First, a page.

Today's birthday? Al Capp's.
You may have heard of him perhaps.
He drew Li'l Abner who lived at his Pap's
With Daisy Mae Scragg, his marital match,
And Sadie Hawkins who was looking for a catch,
And the dark -clouded Btfsplk in Li'l Dogpatch.
"Although the dark side wasn't their primary focus—Schumacher and Kitchen were adamant about capturing Capp's true genius as a writer, artist, and self-promoter—with this wellspring of material it was hard to avoid reporting his highs and lows. 'I was amused by the stories of his youth,'Schumacher says, 'and genuinely touched by some of his acts of kindness, which seemed so strange, coming from someone as cranky as Capp.' Yet he adds he was 'shocked by some of the depravity, and by some of the sheer mean spiritedness of the man.'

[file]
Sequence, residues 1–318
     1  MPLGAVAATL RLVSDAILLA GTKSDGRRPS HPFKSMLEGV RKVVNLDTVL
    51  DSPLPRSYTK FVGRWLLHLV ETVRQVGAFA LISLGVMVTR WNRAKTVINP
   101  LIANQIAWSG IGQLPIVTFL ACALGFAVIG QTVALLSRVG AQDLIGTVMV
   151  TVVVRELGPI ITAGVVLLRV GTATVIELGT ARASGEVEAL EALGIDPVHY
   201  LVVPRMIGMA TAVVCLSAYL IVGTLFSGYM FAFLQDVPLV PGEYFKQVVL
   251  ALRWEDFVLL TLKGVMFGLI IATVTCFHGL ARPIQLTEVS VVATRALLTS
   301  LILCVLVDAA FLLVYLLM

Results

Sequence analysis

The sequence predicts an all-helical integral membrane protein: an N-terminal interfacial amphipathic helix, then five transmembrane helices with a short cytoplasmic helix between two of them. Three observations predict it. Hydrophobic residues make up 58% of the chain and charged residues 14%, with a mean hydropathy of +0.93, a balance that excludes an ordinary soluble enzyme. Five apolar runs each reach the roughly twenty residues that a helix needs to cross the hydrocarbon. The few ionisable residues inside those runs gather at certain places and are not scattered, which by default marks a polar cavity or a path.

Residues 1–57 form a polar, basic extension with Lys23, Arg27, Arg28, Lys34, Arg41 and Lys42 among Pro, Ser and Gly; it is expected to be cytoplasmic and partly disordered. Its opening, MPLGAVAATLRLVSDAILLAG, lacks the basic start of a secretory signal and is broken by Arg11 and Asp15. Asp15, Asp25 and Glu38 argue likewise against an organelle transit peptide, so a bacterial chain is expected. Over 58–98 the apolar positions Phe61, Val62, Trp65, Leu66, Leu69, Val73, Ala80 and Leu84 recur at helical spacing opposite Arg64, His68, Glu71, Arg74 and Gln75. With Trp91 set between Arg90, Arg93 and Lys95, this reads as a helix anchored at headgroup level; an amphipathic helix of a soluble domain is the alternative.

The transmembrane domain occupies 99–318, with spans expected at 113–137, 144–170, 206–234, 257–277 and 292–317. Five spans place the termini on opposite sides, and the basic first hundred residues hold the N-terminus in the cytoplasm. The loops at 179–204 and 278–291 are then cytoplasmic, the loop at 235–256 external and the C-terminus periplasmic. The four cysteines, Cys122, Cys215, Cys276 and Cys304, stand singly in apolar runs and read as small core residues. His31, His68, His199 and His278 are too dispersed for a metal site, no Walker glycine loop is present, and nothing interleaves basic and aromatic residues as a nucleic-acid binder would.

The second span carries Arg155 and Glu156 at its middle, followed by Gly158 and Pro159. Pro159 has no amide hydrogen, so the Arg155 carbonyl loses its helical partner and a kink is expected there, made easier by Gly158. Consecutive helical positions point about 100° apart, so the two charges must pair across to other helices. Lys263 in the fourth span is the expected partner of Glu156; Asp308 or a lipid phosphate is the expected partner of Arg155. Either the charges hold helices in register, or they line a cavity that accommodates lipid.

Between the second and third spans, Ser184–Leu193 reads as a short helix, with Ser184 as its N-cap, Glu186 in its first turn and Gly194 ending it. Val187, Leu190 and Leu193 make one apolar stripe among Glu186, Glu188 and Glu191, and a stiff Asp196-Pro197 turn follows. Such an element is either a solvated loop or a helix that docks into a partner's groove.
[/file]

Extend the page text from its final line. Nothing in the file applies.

Capp's actions were often a study in contrasts. He, for example, was an unabashed womanizer and eventually a sexual predator, but he resigned from the National Cartoonist Society when male colleagues wouldn't admit a female member. And while he had a lifelong intolerance for racism, there were virtually no black characters during the four-decade run of 'Li'l Abner. 'Readers prone to dislike Capp's politics[he became a radical conservative in his twilight years] might be surprised to learn that he once took a flamboyantly gay man to a White House banquet,' Kitchen says. 'He was generally self-aggrandizing and a penny pincher, yet he very quietly gave money to widows of slain policemen and even to struggling students.' [from a review of Michael Schumacher and Denis Kitchen's book "Al Capp: A Life to the Contrary" by Steve Heller on theatlantic.com]